We Need Human Touch

We Need Human Touch

What is the benefit of a hug or a handshake? Researchers in Germany and the Netherlands compiled data from 137 studies involving 13,000 people of all ages. Their research showed significant benefits to those who are regularly touched by others. In other words, we need human touch.

This is not a sexual issue, but touch provides physical and, to a greater extent, mental health benefits. The data shows that the benefits apply to newborns, older people, people with dementia, people struggling with stress, and people who have problems controlling their aggression. Women benefit more than men, and those who are sick or in pain benefit more than those who are healthy.

The New Testament encourages the followers of Jesus to engage in a social practice of that day that involved touching. In Luke 7:45, Jesus pointed out that the host, who was a Pharisee, had not given a warm greeting, but He said a woman in need “has not ceased to kiss my feet.” In Romans 16:16, Paul urges Christians to “greet one another with a sacred kiss.” That instruction is repeated in 1 Corinthians 16:20, 2 Corinthians 13:12, 1 Thessalonians 5:26, 1 Peter 5:14, Luke 15:20, and Acts 20:37. The hug we give one another in times of pain, loss, or separation has real value.

We need human touch, but the study showed that the regularity of touching is more important than the duration. Consensual hugs, kisses, or massages have many mental and physical health benefits. Babies do better when touched by their parents, and the positive effects are more noticeable in premature babies. Adults struggling with illness showed more significant mental health benefits from touch than healthy people in this study.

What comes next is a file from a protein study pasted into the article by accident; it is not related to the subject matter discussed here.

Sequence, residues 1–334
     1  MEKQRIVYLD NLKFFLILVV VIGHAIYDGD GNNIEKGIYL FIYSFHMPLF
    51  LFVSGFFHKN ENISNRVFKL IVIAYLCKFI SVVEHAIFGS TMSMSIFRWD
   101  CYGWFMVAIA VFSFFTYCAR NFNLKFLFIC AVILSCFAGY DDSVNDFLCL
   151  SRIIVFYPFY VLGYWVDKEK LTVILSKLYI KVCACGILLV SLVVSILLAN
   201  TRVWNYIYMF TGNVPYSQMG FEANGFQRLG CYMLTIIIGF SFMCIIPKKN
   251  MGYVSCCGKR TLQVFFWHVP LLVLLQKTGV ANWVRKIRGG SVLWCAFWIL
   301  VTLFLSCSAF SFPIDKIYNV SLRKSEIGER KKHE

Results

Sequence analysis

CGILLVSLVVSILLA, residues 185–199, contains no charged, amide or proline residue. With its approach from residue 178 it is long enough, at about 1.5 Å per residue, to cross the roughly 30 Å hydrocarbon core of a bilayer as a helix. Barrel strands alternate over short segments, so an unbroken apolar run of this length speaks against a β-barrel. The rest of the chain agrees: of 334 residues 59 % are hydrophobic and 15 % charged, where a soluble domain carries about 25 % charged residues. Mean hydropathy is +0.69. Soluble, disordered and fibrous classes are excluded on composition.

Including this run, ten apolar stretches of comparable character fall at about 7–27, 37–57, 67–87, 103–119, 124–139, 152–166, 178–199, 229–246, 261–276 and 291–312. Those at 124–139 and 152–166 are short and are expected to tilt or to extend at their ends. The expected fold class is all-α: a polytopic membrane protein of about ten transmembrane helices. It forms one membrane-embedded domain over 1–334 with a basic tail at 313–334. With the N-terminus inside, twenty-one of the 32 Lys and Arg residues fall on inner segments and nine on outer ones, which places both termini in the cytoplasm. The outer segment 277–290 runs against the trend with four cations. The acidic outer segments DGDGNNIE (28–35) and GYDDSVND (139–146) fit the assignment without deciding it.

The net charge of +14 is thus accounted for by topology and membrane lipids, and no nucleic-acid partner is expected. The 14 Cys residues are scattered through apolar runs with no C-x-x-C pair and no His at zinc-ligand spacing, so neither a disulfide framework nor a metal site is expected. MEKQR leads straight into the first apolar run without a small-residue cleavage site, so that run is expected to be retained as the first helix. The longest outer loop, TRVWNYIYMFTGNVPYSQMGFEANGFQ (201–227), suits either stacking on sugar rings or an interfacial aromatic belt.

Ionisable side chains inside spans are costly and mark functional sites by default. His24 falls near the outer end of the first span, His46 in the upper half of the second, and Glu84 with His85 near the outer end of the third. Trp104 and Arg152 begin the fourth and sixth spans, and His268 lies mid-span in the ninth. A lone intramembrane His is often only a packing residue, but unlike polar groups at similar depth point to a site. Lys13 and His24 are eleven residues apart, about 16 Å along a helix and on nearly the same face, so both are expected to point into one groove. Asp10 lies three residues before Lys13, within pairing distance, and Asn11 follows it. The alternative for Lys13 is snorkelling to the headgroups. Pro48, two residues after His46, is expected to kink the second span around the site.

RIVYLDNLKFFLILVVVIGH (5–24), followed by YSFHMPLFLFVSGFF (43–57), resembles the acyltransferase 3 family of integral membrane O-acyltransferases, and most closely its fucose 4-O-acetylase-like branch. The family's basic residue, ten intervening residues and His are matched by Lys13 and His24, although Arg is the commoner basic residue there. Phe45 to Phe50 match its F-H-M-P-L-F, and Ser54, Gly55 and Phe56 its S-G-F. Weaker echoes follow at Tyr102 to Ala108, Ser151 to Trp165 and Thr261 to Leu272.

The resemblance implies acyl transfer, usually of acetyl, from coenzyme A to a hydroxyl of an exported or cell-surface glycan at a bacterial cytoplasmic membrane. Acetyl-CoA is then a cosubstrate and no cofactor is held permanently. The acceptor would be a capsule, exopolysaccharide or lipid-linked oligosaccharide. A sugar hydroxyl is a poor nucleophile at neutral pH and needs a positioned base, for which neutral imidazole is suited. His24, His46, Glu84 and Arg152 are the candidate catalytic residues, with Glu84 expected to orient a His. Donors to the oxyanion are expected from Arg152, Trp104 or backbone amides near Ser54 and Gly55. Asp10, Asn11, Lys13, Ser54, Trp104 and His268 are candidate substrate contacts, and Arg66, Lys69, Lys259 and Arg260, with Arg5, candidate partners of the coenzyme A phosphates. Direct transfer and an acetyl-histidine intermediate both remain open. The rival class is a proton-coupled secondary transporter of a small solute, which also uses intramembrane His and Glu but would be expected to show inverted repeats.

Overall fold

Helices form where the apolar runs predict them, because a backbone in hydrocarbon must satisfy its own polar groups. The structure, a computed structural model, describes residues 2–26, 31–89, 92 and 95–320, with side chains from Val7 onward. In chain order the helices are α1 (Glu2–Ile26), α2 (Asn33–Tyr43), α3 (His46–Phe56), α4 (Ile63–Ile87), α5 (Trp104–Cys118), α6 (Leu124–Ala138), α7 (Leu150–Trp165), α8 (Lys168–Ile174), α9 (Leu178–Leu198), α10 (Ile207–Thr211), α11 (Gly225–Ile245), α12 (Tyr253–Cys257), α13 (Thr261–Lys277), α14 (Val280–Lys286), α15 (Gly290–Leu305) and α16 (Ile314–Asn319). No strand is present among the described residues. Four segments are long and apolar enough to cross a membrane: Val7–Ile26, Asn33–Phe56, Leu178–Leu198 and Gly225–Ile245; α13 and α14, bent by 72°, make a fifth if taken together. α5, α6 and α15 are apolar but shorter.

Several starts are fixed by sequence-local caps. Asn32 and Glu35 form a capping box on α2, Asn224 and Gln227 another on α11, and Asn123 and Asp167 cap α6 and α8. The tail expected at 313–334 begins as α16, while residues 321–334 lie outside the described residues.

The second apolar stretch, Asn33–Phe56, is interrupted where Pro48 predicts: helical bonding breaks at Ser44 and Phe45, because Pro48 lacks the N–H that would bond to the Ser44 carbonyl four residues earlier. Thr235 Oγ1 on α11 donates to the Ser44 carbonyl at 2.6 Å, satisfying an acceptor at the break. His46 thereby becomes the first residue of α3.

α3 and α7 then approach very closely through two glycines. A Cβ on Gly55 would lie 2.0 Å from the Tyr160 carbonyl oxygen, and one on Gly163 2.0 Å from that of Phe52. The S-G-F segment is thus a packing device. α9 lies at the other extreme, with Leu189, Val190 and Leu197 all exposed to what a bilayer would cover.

A hug is a major way of expressing affection and closeness to someone, but even a handshake does wonders for participants. Those who have been abused may not accept a hug well, but a handshake is free of cultural bias or sexual connotation. Our society has gotten so obsessed with sexual abuse and the perception of personal rights that we have thrown the baby out with the bath. We need human touch, and that is a need the Church can help to meet.

— John N. Clayton © 2024

Reference: “A systematic review and multivariate meta-analysis of the physical and mental health benefits of touch interventions” in Nature Human Behaviour, April 8, 2024